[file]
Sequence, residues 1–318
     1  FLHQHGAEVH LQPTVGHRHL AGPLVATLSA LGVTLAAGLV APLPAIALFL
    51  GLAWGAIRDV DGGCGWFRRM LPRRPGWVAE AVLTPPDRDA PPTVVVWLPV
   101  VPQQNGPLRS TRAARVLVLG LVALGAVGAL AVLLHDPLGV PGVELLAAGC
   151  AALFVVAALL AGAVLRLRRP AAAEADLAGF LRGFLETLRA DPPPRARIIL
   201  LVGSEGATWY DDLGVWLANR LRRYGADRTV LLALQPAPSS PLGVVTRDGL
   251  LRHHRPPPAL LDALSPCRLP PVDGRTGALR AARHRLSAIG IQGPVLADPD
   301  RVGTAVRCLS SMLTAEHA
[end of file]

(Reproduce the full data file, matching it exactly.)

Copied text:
Sequence, residues 1–318
     1  FLHQHGAEVH LQPTVGHRHL AGPLVATLSA LGVTLAAGLV APLPAIALFL
    51  GLAWGAIRDV DGGCGWFRRM LPRRPGWVAE AVLTPPDRDA PPTVVVWLPV
   101  VPQQNGPLRS TRAARVLVLG LVALGAVGAL AVLLHDPLGV PGVELLAAGC
   151  AALFVVAALL AGAVLRLRRP AAAEADLAGF LRGFLETLRA DPPPRARIIL
   201  LVGSEGATWY DDLGVWLANR LRRYGADRTV LLALQPAPSS PLGVVTRDGL
   251  LRHHRPPPAL LDALSPCRLP PVDGRTGALR AARHRLSAIG IQGPVLADPD
   301  RVGTAVRCLS SMLTAEHA